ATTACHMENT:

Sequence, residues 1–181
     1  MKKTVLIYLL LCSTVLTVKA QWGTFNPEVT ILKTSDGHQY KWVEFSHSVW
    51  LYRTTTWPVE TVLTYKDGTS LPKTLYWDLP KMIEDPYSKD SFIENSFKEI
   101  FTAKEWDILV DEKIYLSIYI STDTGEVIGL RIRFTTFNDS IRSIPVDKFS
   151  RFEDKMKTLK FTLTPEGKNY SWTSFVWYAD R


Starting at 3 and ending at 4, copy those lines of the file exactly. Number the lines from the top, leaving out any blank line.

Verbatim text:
    51  LYRTTTWPVE TVLTYKDGTS LPKTLYWDLP KMIEDPYSKD SFIENSFKEI
   101  FTAKEWDILV DEKIYLSIYI STDTGEVIGL RIRFTTFNDS IRSIPVDKFS